By Jaideep Varma and Jatin Thakkar
While bemoaning the futility of a 2-Test series yet again, if there is virtue in separating drawing teams in a Test series (and there may well be in these T20 times), England would go ahead of Sri Lanka in this series (by a good 11%, according to Impact Index).
As England retained their no. 1 Test ranking, they also displayed champion-like qualities like coming back from behind with great conviction and keeping the foot ruthlessly on the throat, after getting into that situation.
Here is an overview of the series through the Impact Index lens.
The most significant thing to remember while looking at the IMPACT lists is that England came back from being 0-1 behind – which made their high-performing players eligible for series-defining points. It is for that reason that the two highest impact players of the series were from England.
Graeme Swann got 16 wickets at an average of 22 while Rangana Herath got 19 wickets at 18 apiece in the series. And yet, Swann was the higher impact player because of what he did in the second Test – his 10 for 181 turned the series on its head – as England came back from behind to draw level. Swann built the most pressure with the ball in the series, inevitably closely followed by Herath, but it was again his impact in the second Test that gives him higher billing in this context, however hard it may be to subvert conventional figures in this way.
Ditto, when it comes to Kevin Pietersen. He failed in the first Test but was devastating in the decisive second Test, as he played a key role in turning the match firmly England’s way. England’s batting in the first innings of the second Test started brilliantly, as the top three got fifties. Pietersen came out to bat at 213 for 2 (after Sri Lanka had made 275) and an easy domination may have beckoned. Equally, a collapse on these kinds of Sri Lankan pitches is never ruled out. Pietersen’s dominance of the bowlers was against the grain (of the match, not his own reputation) – he got his 151 runs at a strike rate of 91, when the match average strike rate was less than half that – it made him the only batsman in the entire series to register Strike Rate IMPACT (of 0.55, which is considerable in Test cricket) – and played a big part in pretty much ending Sri Lanka’s challenge in the match, as much for the lead of 185 as for the sheer demoralising effect of his battering of the bowlers.
It seems very unfair perhaps that Pietersen eventually had a higher impact than Mahela Jayawardene – perhaps even absurd on a conventional scale. Jayawardene (in a true purple patch for a while now) scored 354 at an average of 89 in the series and was his team’s highest scorer in 3 out of his 4 innings (and got an IMPACT of 5 in both matches). He absorbed, by far, the most pressure in the series (1.41) and was easily the backbone of the Sri Lankan batting. Pietersen, on the other hand, failed in 2 of his 4 innings, did not absorb pressure even once in the series, and scored 128 runs less than Jayawardene in the series (at an average of 75). There is no doubt that Jayawardene was the best batsman of the series but Pietersen eventually ended up having more impact, simply because of the circumstances of his big performance (this is not such a common occurrence actually in the Impact Index universe). That the series ended 1-1 after Sri Lanka comprehensively squandered their series lead does explain a part of this story.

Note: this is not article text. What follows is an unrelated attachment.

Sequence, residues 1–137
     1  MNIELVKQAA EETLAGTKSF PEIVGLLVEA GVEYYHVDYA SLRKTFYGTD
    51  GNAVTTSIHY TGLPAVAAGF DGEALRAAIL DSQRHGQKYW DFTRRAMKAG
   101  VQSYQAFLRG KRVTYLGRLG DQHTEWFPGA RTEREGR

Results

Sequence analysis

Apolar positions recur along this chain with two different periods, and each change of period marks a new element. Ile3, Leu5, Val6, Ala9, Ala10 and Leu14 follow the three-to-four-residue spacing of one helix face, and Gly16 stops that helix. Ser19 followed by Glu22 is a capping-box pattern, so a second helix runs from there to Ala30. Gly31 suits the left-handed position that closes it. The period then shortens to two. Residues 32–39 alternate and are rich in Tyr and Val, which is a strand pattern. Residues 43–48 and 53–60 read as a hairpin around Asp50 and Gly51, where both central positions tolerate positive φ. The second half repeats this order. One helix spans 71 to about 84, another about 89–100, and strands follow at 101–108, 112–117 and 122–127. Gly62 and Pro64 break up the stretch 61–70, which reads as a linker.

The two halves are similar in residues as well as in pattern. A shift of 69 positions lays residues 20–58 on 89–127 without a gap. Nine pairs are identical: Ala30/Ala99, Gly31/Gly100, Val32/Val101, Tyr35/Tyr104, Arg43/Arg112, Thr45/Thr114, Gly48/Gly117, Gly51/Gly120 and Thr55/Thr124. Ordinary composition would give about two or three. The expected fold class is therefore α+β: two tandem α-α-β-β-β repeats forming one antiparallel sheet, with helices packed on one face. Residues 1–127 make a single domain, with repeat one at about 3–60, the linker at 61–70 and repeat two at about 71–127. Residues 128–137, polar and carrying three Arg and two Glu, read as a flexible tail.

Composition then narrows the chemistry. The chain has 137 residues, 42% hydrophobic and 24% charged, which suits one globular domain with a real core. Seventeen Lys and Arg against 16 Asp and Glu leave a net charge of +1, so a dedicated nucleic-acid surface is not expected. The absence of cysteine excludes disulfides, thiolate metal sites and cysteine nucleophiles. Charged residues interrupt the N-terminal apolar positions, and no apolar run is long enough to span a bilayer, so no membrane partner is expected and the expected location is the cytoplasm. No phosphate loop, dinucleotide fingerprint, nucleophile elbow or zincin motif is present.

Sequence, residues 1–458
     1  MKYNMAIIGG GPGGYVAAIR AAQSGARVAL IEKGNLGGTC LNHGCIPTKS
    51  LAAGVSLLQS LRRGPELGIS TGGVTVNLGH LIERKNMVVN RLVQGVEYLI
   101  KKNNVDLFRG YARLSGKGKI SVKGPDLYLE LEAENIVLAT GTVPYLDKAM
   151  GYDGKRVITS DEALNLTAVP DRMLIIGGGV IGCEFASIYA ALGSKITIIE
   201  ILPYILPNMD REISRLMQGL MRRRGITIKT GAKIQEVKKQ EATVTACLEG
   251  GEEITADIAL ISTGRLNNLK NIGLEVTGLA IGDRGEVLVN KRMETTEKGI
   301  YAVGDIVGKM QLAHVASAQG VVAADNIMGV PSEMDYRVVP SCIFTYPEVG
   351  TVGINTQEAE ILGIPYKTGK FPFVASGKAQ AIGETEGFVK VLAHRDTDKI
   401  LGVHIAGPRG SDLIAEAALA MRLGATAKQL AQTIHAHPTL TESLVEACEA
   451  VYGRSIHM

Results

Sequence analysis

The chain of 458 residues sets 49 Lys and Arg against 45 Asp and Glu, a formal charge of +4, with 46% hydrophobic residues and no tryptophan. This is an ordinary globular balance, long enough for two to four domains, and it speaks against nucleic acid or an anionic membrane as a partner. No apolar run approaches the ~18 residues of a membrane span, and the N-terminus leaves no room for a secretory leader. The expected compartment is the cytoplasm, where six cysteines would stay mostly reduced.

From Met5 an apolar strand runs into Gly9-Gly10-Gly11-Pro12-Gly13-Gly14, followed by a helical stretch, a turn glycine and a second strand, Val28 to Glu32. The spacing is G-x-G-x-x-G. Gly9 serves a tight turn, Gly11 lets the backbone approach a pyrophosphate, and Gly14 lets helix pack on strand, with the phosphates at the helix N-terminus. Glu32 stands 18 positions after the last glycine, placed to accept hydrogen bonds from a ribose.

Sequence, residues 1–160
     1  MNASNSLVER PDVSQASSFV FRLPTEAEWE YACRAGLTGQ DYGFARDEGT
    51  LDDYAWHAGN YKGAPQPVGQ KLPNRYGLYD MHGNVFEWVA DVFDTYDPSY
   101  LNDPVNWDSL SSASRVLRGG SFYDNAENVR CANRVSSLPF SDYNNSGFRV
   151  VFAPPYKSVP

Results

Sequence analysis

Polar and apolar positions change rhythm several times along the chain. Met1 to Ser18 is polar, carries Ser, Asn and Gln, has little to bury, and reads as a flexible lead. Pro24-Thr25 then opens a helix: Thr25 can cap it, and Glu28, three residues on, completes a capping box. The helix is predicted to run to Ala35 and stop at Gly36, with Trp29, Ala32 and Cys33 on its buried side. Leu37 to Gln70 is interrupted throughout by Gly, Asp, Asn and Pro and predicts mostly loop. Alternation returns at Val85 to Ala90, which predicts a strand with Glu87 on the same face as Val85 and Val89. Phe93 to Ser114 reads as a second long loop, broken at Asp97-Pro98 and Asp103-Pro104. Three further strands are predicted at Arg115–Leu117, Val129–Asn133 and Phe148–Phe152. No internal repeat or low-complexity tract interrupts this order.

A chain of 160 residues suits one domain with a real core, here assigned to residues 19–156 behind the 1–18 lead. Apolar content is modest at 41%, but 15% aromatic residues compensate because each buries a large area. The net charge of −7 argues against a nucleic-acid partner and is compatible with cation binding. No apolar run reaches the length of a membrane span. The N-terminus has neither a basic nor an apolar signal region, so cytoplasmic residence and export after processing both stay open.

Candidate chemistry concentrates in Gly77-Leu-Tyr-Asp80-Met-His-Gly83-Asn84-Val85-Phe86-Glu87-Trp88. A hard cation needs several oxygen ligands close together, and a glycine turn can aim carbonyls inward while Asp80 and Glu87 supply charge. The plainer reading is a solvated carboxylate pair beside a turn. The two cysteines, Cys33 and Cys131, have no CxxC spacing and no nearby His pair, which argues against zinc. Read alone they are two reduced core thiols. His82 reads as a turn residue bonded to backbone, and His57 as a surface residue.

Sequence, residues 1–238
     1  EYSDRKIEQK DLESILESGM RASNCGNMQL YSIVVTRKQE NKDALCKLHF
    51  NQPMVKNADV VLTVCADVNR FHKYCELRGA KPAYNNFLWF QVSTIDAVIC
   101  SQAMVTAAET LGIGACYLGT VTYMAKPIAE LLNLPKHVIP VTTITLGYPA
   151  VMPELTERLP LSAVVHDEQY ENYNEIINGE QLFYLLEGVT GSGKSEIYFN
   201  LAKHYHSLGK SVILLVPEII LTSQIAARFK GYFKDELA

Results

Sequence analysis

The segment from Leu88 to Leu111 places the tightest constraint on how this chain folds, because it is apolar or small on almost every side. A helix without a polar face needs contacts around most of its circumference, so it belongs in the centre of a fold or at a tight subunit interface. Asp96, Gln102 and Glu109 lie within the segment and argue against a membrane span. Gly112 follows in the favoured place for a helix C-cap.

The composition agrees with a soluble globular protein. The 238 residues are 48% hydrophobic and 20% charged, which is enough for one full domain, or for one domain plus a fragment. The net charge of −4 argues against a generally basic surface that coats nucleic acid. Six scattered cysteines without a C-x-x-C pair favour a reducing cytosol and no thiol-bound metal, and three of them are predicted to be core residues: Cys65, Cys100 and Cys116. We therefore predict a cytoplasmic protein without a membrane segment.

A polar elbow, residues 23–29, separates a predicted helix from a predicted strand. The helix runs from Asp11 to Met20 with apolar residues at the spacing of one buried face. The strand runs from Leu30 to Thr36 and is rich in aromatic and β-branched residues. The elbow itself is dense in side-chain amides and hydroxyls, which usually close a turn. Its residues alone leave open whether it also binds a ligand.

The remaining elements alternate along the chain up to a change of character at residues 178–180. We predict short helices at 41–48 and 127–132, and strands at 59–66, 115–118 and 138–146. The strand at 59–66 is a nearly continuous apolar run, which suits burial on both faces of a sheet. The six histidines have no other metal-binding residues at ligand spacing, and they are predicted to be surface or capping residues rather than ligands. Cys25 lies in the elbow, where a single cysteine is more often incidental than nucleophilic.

James Anderson was England’s highest impact pace bowler (9 wickets at 22); in fact he was the only pace bowler to have an impact in the series.
Interestingly, Thilan Samaraweera (who scored 157 runs at an average of 37) had a higher Batting IMPACT in the series than Jonathan Trott (who scored 193 runs at an average of 48) – he absorbed much more pressure and his runs were “tougher” runs (although Trott’s fourth innings effort of 112 in the first Test came close to being a very high impact innings).
Not a single player had an all-round impact in the series (crossing an IMPACT of 1 in two functions), which is not so common.
Sri Lanka’s highest impact Test batsman in its history continued his miserable form – Sangakkara languished at the bottom of the IMPACT charts – not something he has experienced much in his distinguished career – a big reason for Sri Lanka’s below-par batting, despite Jayawardene’s heroics.
The highest impact batting performance in the series came from Kevin Pietersen in the second Test (151 and 42 not out; Batting IMPACT 7.42 in a match context, 9.92 in a series context). The next two highest impact batting performances in the series came from Jayawardene.
The highest impact bowling performance in the series came from Graeme Swann in the second Test (4-75 and 6-106; Bowling IMPACT 6.46 in a match context, 8.96 in a series context). Herath produced the highest bowling performance for Sri Lanka.
England’s Team IMPACT in the series was 2.21 to Sri Lanka’s 1.99. A third Test would have been a tantalising one.
For more information, please go to www.impactindexcricket.com